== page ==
Tablets Guide

Samsung Galaxy Tab 10.1 (3G 16GB) review

Samsung Galaxy Tab 10.1 - The Starlet

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Overview and Design

The Starlet 

Since our hands-on with the device in May, the Samsung Galaxy Tab 10.1 has garnered much attention (positive and negative). On the positive side of things, the Galaxy Tab 10.1 is the strongest offering yet from Samsung (and Google) yet that can compete with the market leader, Apple iPad 2.

For starters, Samsung has done a very respectable job of designing the Samsung Galaxy Tab 10.1 (3G model) - it is the lightest (565g) and thinnest (8.6mm) tablet in the market for the 10.1-inch form factor. In addition, it runs on Google Android 3.1 on top of its own user interface, Samsung TouchWiz. It ships with a 1GHz dual-core processor and 1GB of RAM. Given these traits, Samsung is ready to take on Apple and the rest of the tablet market too.

Alas, the coin always has two sides. Having all the attention showered on its stunning feat of engineering, it is inevitable that it will be under scrutiny. In recent weeks, Samsung has been embroiled in legal lawsuits with Apple in 12 courts in nine countries on four continents. Apple succeeded in gaining a ban on the sales of the tablet in Germany and Samsung has refrained from marketing and selling the tablet in Australia while pending the resolution for a similar lawsuit. Locally, the Galaxy Tab 10.1 hasn't faced such an issue, so we are still good to go with our review of the Galaxy Tab 10.1 (3G model) that has most of the tech community drooling over it.

Does the Samsung Galaxy Tab 10.1 has what it takes to dethrone the Apple iPad 2?

Design Aspects 

As the name suggests, the Galaxy Tab 10.1 has a large 10.1-inch display. While the black bezel surrounding the screen does not occupy much space as compared to the Lenovo IdeaPad Tablet K1, it suffers from a similar undesirable trait in almost all tablets - a glossy display that attracts fingerprints and smudges very easily. 

Samsung keeps the front of the tablet clean with no hardware controls. It only has a front-facing camera embedded in the black bezel.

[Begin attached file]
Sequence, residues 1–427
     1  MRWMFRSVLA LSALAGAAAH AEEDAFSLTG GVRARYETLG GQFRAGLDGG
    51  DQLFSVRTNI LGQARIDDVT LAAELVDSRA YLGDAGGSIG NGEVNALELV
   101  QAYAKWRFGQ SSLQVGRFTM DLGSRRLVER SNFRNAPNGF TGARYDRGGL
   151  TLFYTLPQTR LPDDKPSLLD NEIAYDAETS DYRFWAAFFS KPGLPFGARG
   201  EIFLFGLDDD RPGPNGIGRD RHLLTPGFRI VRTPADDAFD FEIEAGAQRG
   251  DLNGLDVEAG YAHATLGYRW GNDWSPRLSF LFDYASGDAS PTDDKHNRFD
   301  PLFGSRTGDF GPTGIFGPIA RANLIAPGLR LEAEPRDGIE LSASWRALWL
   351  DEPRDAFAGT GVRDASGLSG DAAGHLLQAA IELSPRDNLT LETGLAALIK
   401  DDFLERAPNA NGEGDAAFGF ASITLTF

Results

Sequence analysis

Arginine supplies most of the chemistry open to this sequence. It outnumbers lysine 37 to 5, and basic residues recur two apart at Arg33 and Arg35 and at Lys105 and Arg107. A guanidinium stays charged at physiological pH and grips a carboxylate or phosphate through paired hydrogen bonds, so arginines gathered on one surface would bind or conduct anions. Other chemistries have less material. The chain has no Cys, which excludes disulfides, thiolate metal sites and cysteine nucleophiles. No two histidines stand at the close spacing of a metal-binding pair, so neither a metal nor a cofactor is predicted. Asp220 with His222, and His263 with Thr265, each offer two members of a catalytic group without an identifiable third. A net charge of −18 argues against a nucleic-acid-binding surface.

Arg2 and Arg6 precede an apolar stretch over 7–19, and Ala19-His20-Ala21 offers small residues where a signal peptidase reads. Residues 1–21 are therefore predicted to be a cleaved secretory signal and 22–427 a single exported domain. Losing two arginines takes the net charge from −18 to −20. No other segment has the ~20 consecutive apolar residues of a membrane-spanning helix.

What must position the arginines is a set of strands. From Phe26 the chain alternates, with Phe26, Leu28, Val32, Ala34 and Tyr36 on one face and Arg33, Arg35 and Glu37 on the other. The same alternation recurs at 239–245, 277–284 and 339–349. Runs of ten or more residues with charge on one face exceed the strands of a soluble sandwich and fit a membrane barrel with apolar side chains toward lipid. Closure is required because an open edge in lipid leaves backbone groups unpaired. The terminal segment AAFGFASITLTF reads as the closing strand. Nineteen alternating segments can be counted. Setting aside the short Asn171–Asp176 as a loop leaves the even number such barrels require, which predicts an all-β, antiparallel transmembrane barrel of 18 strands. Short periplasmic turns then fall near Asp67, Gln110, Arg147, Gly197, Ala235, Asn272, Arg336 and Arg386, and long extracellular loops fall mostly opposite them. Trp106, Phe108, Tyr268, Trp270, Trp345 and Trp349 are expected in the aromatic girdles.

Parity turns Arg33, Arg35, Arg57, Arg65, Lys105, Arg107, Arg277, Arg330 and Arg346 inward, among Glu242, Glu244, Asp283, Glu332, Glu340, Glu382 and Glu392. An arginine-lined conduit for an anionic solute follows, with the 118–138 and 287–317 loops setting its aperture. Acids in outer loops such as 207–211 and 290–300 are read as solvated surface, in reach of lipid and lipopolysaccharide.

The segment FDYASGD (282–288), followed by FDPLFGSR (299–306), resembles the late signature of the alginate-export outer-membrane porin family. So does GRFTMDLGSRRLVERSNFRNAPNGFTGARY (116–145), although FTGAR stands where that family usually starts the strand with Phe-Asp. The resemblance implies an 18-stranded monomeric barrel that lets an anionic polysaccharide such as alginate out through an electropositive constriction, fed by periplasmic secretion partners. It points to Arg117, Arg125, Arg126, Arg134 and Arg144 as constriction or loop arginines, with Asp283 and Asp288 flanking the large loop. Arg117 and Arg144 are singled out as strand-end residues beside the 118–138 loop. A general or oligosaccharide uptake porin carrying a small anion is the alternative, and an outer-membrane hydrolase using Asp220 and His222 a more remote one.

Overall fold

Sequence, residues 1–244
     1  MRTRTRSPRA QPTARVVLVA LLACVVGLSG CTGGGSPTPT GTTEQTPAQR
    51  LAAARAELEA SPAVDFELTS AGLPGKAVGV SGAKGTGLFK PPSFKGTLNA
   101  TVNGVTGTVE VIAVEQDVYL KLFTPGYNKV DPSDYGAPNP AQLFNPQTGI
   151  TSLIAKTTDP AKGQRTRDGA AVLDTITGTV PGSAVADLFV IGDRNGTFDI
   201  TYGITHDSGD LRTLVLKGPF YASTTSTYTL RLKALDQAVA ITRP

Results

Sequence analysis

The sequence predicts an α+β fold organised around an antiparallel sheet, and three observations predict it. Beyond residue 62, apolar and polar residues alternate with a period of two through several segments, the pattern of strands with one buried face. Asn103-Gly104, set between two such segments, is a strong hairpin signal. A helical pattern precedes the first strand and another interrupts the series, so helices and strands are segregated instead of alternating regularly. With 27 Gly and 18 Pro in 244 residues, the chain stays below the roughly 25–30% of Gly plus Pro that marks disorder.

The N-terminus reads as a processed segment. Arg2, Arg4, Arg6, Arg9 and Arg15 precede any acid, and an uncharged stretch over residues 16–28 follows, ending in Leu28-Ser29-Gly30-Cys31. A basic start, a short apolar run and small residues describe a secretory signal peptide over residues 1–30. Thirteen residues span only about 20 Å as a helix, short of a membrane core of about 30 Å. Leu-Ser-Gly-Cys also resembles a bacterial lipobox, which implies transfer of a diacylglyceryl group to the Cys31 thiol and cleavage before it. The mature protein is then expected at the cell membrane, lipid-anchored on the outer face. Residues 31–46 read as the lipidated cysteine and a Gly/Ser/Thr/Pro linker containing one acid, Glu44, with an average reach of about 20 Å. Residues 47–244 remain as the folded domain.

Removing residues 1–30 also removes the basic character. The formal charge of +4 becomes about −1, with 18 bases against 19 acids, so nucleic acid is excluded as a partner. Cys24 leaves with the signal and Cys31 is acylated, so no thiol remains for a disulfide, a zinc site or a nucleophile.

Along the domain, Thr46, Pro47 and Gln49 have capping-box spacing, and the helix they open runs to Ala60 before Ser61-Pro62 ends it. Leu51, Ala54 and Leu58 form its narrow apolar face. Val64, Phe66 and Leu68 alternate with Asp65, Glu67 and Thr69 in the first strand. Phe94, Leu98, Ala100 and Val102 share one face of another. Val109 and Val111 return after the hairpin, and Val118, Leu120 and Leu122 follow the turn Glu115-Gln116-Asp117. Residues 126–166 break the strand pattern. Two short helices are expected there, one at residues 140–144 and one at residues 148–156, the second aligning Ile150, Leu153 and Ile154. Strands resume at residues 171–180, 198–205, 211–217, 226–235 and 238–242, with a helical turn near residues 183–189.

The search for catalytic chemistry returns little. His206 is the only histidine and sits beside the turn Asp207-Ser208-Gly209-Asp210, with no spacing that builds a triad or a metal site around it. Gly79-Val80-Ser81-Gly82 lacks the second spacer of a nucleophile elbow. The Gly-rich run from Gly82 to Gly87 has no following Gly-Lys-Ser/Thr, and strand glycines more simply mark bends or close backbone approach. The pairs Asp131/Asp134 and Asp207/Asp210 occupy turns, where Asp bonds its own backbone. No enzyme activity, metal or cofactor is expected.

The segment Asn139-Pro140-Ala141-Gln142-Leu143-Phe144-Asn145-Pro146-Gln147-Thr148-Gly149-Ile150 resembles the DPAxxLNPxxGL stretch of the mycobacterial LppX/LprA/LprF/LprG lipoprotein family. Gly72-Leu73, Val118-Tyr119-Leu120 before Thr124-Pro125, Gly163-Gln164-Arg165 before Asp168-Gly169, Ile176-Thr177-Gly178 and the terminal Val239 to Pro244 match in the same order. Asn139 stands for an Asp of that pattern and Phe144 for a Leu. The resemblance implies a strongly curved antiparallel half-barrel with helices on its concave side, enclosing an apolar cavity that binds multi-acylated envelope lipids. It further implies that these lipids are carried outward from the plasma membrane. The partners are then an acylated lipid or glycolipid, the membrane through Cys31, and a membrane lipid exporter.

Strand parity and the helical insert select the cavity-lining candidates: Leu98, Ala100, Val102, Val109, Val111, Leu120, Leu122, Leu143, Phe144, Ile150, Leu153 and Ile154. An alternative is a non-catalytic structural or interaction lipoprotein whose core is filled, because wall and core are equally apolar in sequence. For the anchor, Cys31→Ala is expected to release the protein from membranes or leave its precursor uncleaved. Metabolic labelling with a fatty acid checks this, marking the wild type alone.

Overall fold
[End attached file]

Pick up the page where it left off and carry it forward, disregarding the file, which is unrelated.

As mentioned earlier, a key selling point of the Samsung Galaxy Tab 10.1 is its light weight of 565 grams. This makes it the lightest 10.1-inch tablet in the market when compared to tablets in its class (Acer Iconia Tab A500 - 730g, Apple iPad 2 - 613g, ASUS Eee Pad Transformer - 680g, Lenovo IdeaPad Tablet K1 - 750g, Motorola Xoom - 730g). Hence, you will have no problem holding it with one hand over long usage periods. 

We were totally comfortable handling the Samsung Galaxy Tab 10.1 in one hand as it is only 565g. The feeling is amazing as we've had our fare share of various tablets but none can match its excellent portability and handling.

Although it is the lightest among all the 10.1-inch tablets, our gripe with the Galaxy Tab 10.1 is its plastic build. Having handled and reviewed a several tablets, we can't help but notice the Samsung Galaxy Tab 10.1 is lacking a premium feel compared against tablets such as the ASUS Eee Pad Transformer. Nonetheless, we found ourselves leaning towards a lighter and more portable device over build quality.

The other star physical feature of the Samsung Galaxy Tab 10.1 is its 8.6mm thin profile, which is just a hairline thinner than the 8.8mm iPad 2. While the 0.2mm difference is hardly noticeable, every gram and millimeter counts in the technology arena.

Samsung deserves credits for streamlining the Galaxy Tab 10.1 to a mere 8.6mm thin.

Besides shedding off the grams and millimeters, the Samsung Galaxy Tab 10.1 has rounded edges to give it a comfortable handling.

Flanking the sides of the Samsung Galaxy Tab 10.1 is a pair of stereo speakers.

You can find the SIM card slot, 3.5mm audio jack, volume controls and Power button on the top section of the device.

The review unit we had is a 3G version, hence it comes with a SIM card slot. Inserting or removing the SIM card proved to be difficult though we don't expect that situation to take place often.

Located at the bottom section of the Samsung Galaxy Tab 10.1 is the proprietary connector port for charging and data transfer, with a microphone pinhole for video chat situated just beside it. Proprietary connectors are not a welcoming point, but that's something you just have to make do with this tablet unfortunately.

We find it strange that Samsung equips the Galaxy Tab 10.1 with a mediocre three-megapixel auto focus camera on its rear. Most tablets these days offer five-megapixel camera modules. On a positive note, the Galaxy Tab 10.1 has a LED flash, which can be handy when taking photographs in low lighting conditions.

As powerful as the new Samsung Galaxy Tab 10.1 is, it does not have connectivity features available straight out of the box. Unlike it, competitors such as the Motorola Xoom has a dedicated micro-USB and HDMI ports. We would also prefer the inclusion of a memory card slot to increase the storage capacity of the device, which is a common feature among Android tablets such as the Acer Iconia Tab A500. These limitations quickly bring to mind of the the tablet's similarity to Apple's iPad 2.